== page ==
Guide for Discussion Leaders
A panel consists of a small group of six or eight persons, who carry on a guided and informal discussion before an audience as if the panel were meeting alone. The proceedings of the panel should be the same as those described for informal discussion: volunteering of facts, asking questions, stating opinions-all expressed with geniality, with respect for the contributions of other members, without speech making, and without making invidious personal references. This primary function should occupy approximately two-thirds of the allotted time-say forty minutes of an hour’s meeting. The secondary function of the panel is to answer questions from the audience. This discussion method is suitable for use when a relatively large audience is anticipated. The disadvantage of the method is that it confines most of the discussion to the panel itself. The audience listens and is given a chance to ask questions, but for the most part is passive and receptive.
Panel discussions, if well conducted, are usually more interesting to the audience than is the single-speaker forum. They provide sufficiently varied clash of opinion and presentation of facts to give even the quiet members of the audience a feeling of vicarious participation.
Quality and tasks of leadership in panel discussion are similar to those described for informal discussion. The leader must in addition take special care to select panel members who can think and speak effectively. He must also be sure that they prepare themselves to discuss the subject. During the discussion by the panel the leader has substantially the same duties as in informal discussion except that he should keep himself more in the background as chairman of the panel. He can do so because each member of the panel is in reality an assistant to the leader and is responsible for specific contributions to the proceedings.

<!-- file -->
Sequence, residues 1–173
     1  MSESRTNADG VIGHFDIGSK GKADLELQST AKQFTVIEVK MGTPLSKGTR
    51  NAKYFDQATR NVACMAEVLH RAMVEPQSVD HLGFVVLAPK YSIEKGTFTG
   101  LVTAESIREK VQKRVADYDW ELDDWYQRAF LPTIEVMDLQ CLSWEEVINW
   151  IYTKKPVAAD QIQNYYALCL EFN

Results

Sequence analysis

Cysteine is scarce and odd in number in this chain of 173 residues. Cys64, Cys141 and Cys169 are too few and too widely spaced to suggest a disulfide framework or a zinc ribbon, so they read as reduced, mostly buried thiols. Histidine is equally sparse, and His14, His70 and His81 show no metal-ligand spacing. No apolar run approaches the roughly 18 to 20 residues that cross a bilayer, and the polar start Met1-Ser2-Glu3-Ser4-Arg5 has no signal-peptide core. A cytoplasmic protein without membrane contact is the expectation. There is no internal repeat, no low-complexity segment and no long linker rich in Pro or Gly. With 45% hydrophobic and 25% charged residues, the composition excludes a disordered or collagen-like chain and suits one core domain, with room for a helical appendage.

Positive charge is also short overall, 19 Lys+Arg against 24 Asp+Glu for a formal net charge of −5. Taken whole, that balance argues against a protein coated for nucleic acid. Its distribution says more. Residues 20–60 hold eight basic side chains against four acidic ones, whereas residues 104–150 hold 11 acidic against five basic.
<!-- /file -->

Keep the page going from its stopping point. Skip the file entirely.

When the subject is thrown open to the house, it is the leader’s job to recognize appropriate questions and to reject those not bearing on the subject or involving personalities. Some questions he may answer himself, but usually he should repeat the question and call upon one of the panel to answer it. By preliminary announcement the leader may also tell the audience that they may direct questions at particular members of the panel if they choose. In any case, during the question period the leader needs to maintain strict control. On many occasions this may be the toughest part of his assignment to carry off efficiently and with good humor.
While it is customary to confine audience questions to a specific period, some leaders permit questions from the floor at any time. Unless very carefully limited by the leader, this practice may interfere with effective discussion by the panel.
Arranging the panel properly will lend effectiveness to this form of discussion. The members should face the audience. One possible arrangement is illustrated on page 22. It is important that each panel member adjust his chair so that he can see every other member without effort the chairman will also find that the best places for his readiest speakers are at the extreme ends of the table. He should keep the more reticent members close to, him so that he can readily draw them out with direct questions. If the quieter ones sit on the fringes of the panel, the more voluble members are quite likely to monopolize the discussion.